The new post-Pelosi leadership team for House Democrats got elected by acclamation Wednesday.
The unanimity reflected a concerted Democratic desire to appear more unified, collegial and efficient than Republicans.
That seemed easy enough considering that Republicans are afflicted with the silliness of a significant nut-right caucus somehow disapproving of a kowtower to them by the name of Kevin McCarthy.
The only daylight between McCarthy and Trumpism is that McCarthy endured a couple of days in January 2021 when he was opposed to insurrection and then a moment last week when he found it necessary to say when questioned by the media that one shouldn't sit for dinner with an avowed white supremacist.
Against that, House Democrats--substantially afflicted day-to-day with policy and tactical divisions between practical moderates from swing districts and impractical "progressives" and an occasional socialist from safe districts--decided to present a pep rally for the new minority leader and his team.
Leave it, then, to a Southern white male left-leaner with a remote and vastly unread newspaper column to note that there was no recognized moderate nor Midwesterner nor Southerner nor mountain westerner among the three new leaders--Hakeem Jeffries, 52, as minority leader; Katherine Clark, 59, as whip, and Pete Aguilar, 43, as caucus chairman.
This new regime was celebrated for reflecting contemporary American diversity, which clearly meant by race, gender and new youthfulness in contrast to the octogenarian decades-long rule of Nancy Pelosi, Steny Hoyer and Jim Clyburn.
What it didn't mean was geographic diversity.
The House Democrats' top three positions will now be held by young or middle-aged members from New York, Massachusetts and California, which happen to be the three states that would compose the easy instant answer if a politically knowledgeable person was asked to name the nation's most stereotypically liberal Democratic locales.
At least one of the octogenarians was from South Carolina, not that it did any good with white voters there.
The two Democratic leaders next year--Jeffries in the House and Majority Leader Chuck Schumer in the Senate--live about a mile apart in Brooklyn.
I'm not complaining. I'm just relating.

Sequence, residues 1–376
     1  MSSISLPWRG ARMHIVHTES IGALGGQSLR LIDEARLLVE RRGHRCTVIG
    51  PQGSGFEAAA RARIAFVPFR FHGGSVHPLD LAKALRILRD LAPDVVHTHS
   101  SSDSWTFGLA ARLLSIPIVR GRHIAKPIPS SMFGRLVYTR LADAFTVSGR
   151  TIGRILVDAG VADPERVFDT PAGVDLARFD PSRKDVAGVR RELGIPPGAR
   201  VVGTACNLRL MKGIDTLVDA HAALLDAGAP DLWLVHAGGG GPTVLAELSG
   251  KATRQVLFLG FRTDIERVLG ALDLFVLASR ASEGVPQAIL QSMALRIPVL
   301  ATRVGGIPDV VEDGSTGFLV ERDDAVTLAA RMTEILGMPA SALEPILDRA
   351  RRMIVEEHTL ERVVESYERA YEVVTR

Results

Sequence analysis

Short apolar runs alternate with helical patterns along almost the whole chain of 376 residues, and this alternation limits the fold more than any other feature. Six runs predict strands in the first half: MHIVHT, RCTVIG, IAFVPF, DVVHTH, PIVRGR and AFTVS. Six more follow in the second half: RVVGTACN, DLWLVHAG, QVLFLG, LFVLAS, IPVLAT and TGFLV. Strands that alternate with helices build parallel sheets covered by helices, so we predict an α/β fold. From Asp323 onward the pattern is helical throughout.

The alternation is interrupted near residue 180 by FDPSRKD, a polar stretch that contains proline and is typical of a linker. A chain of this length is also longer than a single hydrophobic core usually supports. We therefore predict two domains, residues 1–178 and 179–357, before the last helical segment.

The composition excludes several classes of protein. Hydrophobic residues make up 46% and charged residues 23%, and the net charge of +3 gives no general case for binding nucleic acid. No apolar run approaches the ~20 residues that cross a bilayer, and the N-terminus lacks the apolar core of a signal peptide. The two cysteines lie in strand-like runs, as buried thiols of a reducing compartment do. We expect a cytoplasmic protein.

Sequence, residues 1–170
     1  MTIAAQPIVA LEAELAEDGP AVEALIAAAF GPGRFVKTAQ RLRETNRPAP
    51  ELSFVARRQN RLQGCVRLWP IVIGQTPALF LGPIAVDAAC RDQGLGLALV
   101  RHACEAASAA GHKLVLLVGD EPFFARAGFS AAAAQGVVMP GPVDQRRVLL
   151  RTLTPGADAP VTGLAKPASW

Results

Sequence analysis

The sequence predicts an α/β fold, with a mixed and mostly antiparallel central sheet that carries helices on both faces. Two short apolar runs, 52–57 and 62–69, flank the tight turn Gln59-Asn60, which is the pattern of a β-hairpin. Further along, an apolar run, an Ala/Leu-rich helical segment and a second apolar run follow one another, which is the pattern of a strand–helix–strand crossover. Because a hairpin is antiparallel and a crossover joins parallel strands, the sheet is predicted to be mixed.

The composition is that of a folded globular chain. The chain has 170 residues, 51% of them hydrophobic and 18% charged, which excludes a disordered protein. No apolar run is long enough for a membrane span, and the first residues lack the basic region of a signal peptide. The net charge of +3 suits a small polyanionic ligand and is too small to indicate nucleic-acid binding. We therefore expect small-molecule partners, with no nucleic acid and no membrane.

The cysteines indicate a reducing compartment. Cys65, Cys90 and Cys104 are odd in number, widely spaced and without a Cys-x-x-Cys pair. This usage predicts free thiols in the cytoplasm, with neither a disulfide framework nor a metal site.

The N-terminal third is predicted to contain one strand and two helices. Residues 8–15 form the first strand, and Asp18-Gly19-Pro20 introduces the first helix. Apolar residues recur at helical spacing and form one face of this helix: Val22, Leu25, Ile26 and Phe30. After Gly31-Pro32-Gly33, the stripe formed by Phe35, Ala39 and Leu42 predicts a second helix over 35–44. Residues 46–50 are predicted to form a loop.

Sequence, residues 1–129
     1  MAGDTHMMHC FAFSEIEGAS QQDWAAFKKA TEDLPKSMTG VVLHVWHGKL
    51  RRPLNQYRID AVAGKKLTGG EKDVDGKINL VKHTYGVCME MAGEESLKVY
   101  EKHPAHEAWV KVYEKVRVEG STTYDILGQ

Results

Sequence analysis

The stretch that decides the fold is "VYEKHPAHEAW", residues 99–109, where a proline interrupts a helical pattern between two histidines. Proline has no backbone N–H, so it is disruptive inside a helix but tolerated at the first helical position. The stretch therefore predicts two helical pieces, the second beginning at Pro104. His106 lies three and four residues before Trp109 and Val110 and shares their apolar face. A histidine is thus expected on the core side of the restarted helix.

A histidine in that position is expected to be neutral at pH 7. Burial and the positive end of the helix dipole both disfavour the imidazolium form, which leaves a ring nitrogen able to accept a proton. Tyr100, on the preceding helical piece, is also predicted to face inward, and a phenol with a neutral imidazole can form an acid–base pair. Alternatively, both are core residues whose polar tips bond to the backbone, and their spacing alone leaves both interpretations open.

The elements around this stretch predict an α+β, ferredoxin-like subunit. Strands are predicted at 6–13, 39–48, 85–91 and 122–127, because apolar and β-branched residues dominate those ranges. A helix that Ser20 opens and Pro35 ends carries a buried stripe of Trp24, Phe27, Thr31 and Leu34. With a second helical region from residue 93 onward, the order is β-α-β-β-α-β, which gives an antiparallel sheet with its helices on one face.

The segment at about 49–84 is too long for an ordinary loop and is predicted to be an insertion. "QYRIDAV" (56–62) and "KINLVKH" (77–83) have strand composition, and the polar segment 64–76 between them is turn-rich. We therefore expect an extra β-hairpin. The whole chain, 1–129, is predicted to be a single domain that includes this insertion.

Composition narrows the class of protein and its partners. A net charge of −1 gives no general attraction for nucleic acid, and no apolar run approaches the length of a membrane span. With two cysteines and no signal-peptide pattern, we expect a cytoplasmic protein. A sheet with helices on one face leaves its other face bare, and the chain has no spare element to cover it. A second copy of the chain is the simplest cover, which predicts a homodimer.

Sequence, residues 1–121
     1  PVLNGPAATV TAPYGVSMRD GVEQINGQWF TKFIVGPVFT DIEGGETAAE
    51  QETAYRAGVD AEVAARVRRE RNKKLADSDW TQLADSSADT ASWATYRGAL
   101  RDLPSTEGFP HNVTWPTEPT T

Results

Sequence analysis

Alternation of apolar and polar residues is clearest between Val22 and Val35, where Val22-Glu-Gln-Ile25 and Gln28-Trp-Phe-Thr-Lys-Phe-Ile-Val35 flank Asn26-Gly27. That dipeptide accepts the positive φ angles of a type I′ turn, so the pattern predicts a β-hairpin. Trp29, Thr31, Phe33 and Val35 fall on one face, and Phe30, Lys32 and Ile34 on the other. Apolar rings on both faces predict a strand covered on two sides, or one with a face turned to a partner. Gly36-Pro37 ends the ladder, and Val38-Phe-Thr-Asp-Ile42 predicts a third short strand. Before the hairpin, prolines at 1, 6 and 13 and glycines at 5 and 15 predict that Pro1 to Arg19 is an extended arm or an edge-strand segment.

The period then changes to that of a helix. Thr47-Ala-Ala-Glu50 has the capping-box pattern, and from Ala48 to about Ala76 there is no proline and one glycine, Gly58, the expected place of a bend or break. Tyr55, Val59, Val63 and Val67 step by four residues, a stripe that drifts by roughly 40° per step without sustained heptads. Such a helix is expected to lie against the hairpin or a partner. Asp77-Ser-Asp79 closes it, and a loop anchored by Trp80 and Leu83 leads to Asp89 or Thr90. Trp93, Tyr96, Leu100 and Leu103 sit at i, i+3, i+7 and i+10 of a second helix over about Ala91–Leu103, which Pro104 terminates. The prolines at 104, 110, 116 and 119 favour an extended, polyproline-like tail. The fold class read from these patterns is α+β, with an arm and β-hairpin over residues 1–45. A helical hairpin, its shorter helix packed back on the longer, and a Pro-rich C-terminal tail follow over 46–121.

Diversity is good. Generational change is inevitable and smart. It requires adaptation. The country is transforming and the Democrats are reflecting as much while Republicans cling to the vast stagnant white rural acreage of the nation.
But it's basic political analysis, relevant and fair, to point out that nothing in the new leadership of the House Democrats suggests an opportunity for change in the national political landscape.
The upper Midwest from Michigan to Pennsylvania--traditionally industrial-worker economies widely feeling abandoned by post-Clinton Democrats--remains barely blue, and not reliably so. The red center of the country--the Dakotas, Nebraska, Kansas, Missouri--remains crimson. The South outside purpling greater Atlanta remains overwhelmingly retro-Confederate Republican.
As does Arkansas, where beleaguered Democrats remain left for dead by their national party, disregarded in favor of the greater evolving population concentrations, and reduced to map specks in Fayetteville, Little Rock and three or four Delta counties with heavy Black population. Hopeless, in other words.
Now, to the fuller context: What I've taken note of is regional stereotype, not specific policy or leadership style, which remains to be defined.
There were a couple of positive sentences in the Thursday report printed in the Democrat-Gazette, from The New York Times and The Associated Press, of these Democratic changes.
One sentence noted that, amid the Democrat unanimity, U.S. Rep. Alexandria Ocasio-Cortez complained that her party had missed a chance for needed open debate on what the generational changes will mean in terms of policy direction.
The effective message of youth and diversity would be dwarfed, or at least offset, by a signal of becoming more liberal.
The best things Democrats have going for them in a full national context is a delicately balanced combination--their own generational appeal and diversity spurring progressive turnout in the urban Democratic strongholds while the Republican extremism drives swing voters to Democrats who are seen in places like greater Atlanta and greater Phoenix as more sane and responsible.
That's the careful two-step that Democrats require--to be modern and changing, but safer even in newness and change than these Republicans challenging American elections and finding Kevin McCarthy somehow too reasonable.
In that regard, there was a singular encouraging sentence in that article Thursday, going as follows: "Jeffries has sometimes been met with skepticism from party progressives, viewed as a more centrist figure among House Democrats."
For an old white-male left-leaner in an abandoned remote province writing a widely unread newspaper column, singular encouraging sentences from The New York Times and AP are about the best to be hoped for.
John Brummett, whose column appears regularly in the Arkansas Democrat-Gazette, is a member of the Arkansas Writers' Hall of Fame. Email him at firstname.lastname@example.org. Read his @johnbrummett Twitter feed.